Topics: Bridge, Dead and live loads, Bridges Pages: 11 (1974 words) Published: May 2, 2013
Design of bridges

• IRC Code • Types of bridges and their components • Basic concepts of bridge design • Design of slab bridge • Design of T-beam bridge (Courbon’s method)

IRC Code
• IRC – Indian Roads Congress • Three categories of Live loads • Types of vehicles • Placement of vehicles • Description of three category loadings • Permissible stresses and design coeff.

Categories of Live loads as per IRC

IRC Class AA loading
i. For bridges subjected to very heavy loading ii. Used only in certain specified areas and municipal limits iii.Bridges designed for classAA loading should be checked for class A loading also


IRC Class A loading
i. For permanent bridges and culverts


IRC Class B loading
i. For temporary structures ii. Used only in specific areas

Types of vehicles
a. b.


Tracked vehicles Wheeled vehicles Trains of vehicles

Placement of vehicles
a. b.





Extent: Within the kerb to kerb width of the roadway. NOT on the footpath, etc Orientation: travelling along the bridge. NOT across the bridge Multiple vehicles: with minimum clearance between vehicles. NOT touching each other Position: Any possible position which produces max. stresses. Standard vehicle: All the axles shall be acting simultaneously and at the prescribed distances No other live load shall be assumed on the carriage way besides the IRC loading

Class AA loading

Class AA loading (contd.)



The nose to tail spacing between two successive vehicles shall not be less than 90 m. fig For multilane bridges and culverts, only ONE train of Class AA (tracked or wheeled vehicles) shall be considered for every two traffic lane widths. No other live load on the 2-lane width The maximum loads of the wheeled vehicles shall be 20 tonnes for a single axle, or 40 tonnes for a bogie of two axles spaced not more than 1.2 m centres.

Minimum clearance between the road face of the kerb and the outer edge of the wheel or track, C shall be taken as follows:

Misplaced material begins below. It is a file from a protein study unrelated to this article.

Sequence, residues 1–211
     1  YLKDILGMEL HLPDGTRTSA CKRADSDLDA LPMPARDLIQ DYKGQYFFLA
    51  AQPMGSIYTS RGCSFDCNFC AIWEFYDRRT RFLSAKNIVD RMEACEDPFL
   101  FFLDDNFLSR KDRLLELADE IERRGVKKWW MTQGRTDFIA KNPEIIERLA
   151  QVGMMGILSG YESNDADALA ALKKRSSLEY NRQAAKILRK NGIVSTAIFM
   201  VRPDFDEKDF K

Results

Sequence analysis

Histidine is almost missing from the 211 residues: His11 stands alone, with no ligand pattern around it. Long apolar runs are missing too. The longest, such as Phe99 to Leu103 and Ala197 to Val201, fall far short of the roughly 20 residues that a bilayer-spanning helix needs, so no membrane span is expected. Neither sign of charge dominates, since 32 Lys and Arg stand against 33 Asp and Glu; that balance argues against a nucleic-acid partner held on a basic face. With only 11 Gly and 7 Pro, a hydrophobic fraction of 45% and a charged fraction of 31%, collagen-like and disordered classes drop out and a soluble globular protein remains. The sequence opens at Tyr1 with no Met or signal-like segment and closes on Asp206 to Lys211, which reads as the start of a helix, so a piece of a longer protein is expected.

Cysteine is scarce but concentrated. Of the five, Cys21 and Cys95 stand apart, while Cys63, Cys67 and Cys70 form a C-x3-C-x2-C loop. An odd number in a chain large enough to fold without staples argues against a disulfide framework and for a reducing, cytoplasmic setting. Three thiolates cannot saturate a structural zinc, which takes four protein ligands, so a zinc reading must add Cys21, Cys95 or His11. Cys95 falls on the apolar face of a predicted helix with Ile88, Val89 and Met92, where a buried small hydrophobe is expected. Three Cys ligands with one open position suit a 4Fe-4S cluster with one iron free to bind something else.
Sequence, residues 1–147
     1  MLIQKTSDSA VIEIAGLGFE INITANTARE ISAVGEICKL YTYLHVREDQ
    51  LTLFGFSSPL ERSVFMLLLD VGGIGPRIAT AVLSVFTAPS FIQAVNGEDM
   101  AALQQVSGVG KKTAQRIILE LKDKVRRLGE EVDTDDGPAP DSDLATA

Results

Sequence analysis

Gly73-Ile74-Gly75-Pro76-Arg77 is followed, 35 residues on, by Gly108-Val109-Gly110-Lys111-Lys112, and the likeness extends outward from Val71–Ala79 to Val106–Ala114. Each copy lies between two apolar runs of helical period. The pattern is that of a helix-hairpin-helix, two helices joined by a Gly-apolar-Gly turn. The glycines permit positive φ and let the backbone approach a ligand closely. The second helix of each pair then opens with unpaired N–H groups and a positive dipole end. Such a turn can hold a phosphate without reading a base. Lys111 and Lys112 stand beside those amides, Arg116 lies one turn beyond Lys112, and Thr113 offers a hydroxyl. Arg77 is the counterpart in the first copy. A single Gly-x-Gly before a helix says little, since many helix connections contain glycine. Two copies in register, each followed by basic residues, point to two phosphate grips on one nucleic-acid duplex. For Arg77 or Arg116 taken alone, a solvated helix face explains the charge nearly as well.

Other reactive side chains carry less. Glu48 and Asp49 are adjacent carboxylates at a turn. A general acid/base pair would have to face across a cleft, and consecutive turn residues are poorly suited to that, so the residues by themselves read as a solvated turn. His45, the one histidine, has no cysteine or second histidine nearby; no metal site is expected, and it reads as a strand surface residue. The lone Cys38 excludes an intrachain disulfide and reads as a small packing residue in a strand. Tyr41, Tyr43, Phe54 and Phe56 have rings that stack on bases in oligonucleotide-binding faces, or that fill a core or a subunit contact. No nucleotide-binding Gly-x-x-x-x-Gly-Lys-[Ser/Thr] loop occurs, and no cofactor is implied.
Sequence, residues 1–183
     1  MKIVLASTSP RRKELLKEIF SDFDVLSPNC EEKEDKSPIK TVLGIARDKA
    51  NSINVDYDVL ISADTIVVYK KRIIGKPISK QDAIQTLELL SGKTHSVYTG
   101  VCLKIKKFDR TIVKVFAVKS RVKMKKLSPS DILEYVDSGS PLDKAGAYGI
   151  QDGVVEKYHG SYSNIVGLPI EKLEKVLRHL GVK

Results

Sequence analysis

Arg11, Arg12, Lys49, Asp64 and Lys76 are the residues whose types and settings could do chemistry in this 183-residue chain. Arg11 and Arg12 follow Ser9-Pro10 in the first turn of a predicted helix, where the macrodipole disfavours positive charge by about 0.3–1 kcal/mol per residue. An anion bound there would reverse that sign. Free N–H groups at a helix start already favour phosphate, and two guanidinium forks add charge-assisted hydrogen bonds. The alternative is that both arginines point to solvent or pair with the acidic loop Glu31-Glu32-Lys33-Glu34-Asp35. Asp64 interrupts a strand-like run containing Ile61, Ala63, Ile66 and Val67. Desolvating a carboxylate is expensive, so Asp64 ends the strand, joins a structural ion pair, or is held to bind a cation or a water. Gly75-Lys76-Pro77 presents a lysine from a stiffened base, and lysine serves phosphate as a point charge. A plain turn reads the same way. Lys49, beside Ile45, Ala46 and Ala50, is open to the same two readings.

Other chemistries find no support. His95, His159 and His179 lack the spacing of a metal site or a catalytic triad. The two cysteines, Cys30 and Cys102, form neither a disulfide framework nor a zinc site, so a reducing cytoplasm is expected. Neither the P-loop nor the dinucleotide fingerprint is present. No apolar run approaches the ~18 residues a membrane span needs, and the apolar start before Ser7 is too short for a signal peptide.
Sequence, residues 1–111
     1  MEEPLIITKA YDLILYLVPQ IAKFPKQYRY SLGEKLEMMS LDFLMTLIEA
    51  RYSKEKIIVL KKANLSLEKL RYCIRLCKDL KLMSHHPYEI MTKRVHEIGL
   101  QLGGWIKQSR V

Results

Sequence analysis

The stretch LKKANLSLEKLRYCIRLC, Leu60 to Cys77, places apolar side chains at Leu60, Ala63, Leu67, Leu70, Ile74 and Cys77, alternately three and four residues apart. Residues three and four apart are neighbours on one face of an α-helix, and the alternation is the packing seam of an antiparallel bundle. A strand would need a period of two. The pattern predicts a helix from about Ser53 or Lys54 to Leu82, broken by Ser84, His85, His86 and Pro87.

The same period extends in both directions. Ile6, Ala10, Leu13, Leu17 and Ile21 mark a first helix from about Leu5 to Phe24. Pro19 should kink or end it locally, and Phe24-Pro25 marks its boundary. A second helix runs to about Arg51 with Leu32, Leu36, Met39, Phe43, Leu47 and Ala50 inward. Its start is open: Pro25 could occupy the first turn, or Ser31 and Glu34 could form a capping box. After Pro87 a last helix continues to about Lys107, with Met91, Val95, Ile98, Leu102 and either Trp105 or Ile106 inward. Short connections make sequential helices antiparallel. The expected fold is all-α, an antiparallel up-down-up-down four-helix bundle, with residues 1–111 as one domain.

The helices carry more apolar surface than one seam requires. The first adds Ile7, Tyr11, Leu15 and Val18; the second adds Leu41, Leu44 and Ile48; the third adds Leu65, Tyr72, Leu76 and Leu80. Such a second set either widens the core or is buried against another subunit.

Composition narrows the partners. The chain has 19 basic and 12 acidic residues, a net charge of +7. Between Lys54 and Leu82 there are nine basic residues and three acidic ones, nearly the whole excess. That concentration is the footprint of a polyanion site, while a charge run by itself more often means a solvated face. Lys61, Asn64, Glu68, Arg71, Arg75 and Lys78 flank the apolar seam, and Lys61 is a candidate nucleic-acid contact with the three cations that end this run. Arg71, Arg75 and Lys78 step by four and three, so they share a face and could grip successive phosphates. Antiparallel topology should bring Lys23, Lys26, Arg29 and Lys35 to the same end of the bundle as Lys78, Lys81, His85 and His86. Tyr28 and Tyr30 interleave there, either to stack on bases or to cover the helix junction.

Number of lanes
Single lane bridge Multilane bridges

Carriage way width 3.8 m and above
Less than 5.5 m 5.5 m or above

Max. value of C
0.3 m 0.6 m 1.2 m

Class A loading

Nose-to-tail distance + Axle loads and their spacing

Class A loading
Axle Ground contact load area (tonnes) B (mm) W (mm) 11. 4 250 500 6.8 200 380 2.7 150 200

Ground contact of various axles

Class A loading
Clear carriage way width 5.5 to 7.5 m Above 7.5 m Clearances g f

0.4 to 1.2 m 1.2 m

150 mm
150 mm


Class A loading - Summary
– The nose to tail distance between two successive vehicles shall not be less than 18.4 m – No other live load shall cover any part of the carriage way when a train of vehicles (or trains of vehicles in multilane bridges) is crossing the bridge – The ground contact area of the wheel shall be taken as shown in the table – The clearances shall be as shown in the table

Impact Loading

Impact Loading

Permissible stresses
In concrete
Property Modulus of elasticity Permissible direct compressive stress Ec (GPa) Grade of concrete M 15 20 M 20 25 M 25 28 M30 M35 M40 31 33 36

σcc (MPa)
σcbc (MPa)







Permissible flexure compressive stress







Permissible stresses
In steel

In concrete in shear M15 Τco 0.28 (MPa) M20 0.34 M25 0.40 M30 0.45 M35 0.50 M40 0.50

Working Stress Design coefficients

Neutral Axis coeff. Lever arm Coeff. Moment Coeff.

Types of bridges and components
– Slab bridge or culvert
• • • • • • • • • Deck slab Wearing coat, kerb, hand rails, etc Abutments and wing walls Foundations Deck slab Wearing coat, kerb, hand rails, foot paths if provided Cantilever portion Longitudinal girders Cross- girders

– T- beam bridge

Basic concepts of bridge design
– Analysis of slabs carrying wheel loads
• Effective width method • Pigeaud’s...
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